7.4 A soldier's experience in Vietnam: Herbert Rhodes
Interview by Sharon Raynor, April 26, 2001.
- What kind of contact did you have with the Vietnamese people?
- Well, when you’re out on patrol, you always run into villagers and so forth. One thing about Vietnam I always say today, when you’re out there in the field, you don’t know friendly from foe. They always say like NVA, which is the Northern Vietnamese Army, they wear uniforms. But who’s to say that they ain’t gonna get out of uniform and out on pajamas, and pretend that they are a farmer or something like that. Vietcongs, they just wear everyday clothes and so forth. You got those 2 different types of people, the NVA and Vietcongs, and when you’re out there in the field, you don’t know them from anybody else. You gotta take everything with caution and so forth. When you go into a field, you don’t go in shooting or nothing like this here. You go in there and hopefully someone can speak English, or someone in the squad can speak Vietnamese and so forth. We used to have what we called, I forgot what we called it, a guy that was former Vietcong or NVA, and normally we’d have one of them for every unit that could speak their language and so forth, and could speak our language fairly well. They would go in there and ask questions or, “have you seen any NVA or Vietcongs in the area?” and so forth; and “do you have weapons?” and stuff like this here. But me personally, I didn’t have much contact with my Saudi individuals or the Vietnamese and so forth, and didn’t actually have much contact with them. I had never had that much contact. On patrol you see one or two persons. Certain words you learn, like – “come here,” or --, or “go away” or something like that. Other than that, that’s all we really know.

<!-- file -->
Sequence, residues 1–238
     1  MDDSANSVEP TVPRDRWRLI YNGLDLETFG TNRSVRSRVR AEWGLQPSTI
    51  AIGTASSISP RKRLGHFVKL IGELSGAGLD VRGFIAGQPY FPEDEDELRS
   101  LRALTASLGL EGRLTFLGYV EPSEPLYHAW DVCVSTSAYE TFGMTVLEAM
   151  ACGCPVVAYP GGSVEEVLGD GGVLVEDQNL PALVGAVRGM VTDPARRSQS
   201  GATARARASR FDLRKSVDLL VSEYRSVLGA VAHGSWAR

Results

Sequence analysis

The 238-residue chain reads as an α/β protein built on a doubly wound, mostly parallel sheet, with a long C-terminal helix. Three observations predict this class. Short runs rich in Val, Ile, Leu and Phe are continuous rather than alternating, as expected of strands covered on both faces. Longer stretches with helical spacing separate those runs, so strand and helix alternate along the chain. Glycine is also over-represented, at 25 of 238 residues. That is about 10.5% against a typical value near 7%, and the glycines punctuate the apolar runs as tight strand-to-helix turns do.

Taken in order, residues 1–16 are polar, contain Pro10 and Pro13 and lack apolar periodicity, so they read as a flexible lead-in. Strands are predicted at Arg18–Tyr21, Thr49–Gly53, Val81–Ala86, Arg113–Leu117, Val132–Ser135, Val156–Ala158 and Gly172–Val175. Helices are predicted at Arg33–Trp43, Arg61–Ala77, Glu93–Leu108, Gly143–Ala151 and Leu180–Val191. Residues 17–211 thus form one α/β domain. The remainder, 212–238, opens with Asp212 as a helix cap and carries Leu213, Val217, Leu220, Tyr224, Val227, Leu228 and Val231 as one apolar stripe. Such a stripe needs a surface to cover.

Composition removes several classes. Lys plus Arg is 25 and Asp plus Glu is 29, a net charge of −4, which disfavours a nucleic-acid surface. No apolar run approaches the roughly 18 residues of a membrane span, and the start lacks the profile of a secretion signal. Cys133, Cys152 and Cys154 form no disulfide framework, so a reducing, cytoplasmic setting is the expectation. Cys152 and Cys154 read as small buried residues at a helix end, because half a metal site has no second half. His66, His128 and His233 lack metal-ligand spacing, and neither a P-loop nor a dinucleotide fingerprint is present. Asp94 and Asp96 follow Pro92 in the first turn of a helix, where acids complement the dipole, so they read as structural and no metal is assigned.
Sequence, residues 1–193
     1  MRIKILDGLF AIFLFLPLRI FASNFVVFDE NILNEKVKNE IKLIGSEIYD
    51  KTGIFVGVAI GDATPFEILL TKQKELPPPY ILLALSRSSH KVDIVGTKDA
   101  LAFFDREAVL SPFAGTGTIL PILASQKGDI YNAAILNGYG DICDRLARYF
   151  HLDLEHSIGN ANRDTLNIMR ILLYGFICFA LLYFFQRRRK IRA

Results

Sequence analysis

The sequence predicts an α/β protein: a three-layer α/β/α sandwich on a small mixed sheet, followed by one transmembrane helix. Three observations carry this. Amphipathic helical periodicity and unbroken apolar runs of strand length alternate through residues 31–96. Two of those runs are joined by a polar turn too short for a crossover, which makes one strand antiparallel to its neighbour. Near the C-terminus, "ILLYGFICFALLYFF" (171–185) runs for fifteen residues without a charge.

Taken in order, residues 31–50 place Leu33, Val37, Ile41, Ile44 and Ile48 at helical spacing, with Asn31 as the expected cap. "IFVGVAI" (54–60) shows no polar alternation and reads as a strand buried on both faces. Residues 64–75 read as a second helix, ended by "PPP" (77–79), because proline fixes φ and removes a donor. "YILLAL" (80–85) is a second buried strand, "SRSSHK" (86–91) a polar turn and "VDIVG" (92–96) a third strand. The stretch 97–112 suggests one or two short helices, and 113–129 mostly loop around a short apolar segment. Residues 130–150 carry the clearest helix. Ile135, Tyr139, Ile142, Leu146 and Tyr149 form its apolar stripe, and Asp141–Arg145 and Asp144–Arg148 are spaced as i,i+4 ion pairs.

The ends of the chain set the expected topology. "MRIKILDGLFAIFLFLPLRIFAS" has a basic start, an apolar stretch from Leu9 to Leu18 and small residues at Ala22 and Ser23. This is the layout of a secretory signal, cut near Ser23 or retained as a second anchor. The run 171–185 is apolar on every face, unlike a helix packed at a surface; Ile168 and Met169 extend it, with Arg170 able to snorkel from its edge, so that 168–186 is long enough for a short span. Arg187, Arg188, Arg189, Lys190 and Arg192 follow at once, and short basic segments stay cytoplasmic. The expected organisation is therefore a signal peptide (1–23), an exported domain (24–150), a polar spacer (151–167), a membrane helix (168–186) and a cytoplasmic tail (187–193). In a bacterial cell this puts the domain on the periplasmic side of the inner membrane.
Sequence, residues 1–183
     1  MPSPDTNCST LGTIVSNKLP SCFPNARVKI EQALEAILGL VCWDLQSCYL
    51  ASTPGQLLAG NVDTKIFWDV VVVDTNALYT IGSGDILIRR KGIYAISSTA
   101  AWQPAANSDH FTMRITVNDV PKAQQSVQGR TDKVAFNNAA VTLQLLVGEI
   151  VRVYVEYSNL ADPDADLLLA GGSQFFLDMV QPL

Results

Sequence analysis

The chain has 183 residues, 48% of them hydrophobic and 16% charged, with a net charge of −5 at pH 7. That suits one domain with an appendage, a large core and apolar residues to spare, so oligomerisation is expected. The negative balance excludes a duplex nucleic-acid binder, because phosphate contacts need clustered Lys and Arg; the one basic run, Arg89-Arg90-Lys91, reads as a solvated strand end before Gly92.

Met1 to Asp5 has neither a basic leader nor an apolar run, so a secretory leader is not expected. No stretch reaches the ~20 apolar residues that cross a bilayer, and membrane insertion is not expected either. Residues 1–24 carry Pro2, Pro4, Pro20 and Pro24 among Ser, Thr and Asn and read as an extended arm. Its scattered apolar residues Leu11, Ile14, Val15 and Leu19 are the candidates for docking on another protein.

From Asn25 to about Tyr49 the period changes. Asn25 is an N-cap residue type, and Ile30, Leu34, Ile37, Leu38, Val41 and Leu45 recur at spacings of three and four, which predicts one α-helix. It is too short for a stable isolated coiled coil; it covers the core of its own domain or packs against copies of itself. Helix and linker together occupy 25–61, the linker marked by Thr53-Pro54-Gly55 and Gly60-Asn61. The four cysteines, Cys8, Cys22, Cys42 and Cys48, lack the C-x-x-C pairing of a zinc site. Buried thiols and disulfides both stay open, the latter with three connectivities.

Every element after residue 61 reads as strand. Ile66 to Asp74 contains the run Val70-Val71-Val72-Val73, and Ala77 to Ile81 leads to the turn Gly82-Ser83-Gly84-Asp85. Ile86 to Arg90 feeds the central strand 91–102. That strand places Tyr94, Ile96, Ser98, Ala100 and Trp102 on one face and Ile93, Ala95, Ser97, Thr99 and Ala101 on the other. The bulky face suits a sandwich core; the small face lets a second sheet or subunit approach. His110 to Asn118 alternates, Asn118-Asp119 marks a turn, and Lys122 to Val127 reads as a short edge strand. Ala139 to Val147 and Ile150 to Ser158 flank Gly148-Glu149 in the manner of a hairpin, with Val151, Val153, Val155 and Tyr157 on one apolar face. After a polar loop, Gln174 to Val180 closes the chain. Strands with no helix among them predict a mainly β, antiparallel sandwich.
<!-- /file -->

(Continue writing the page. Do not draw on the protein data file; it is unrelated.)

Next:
- How did you understand the purpose of the Vietnam War?
- To be honest, I really never understood it. It was explained to me that South Vietnam, the country wanted to be independent, and North Vietnam was a country that wanted to dominate the South Vietnamese and so forth, and they wanted to be independent, they didn’t want to be dependent on the North Vietnamese. That’s the way I really understood it at that time.
- How did your understanding of the war change as a result of your service?
- Well…it made me more aware of life, how a person’s life is. I did see a lot of people die over there in Vietnam; service people and civilians, and the Vietnamese and Vietcongs as well. So it made me more aware of what life is all about. But, then again, at that same time, when I left Vietnam, I had some attitude about life and so forth, that you never know when death is gonna come around and so forth. And I had an attitude that, if I survived Vietnam, then I could survive anything. That death did not mean anything to me. If it came, it came. Only thing I thought about was, when it came let it come, don’t let me suffer.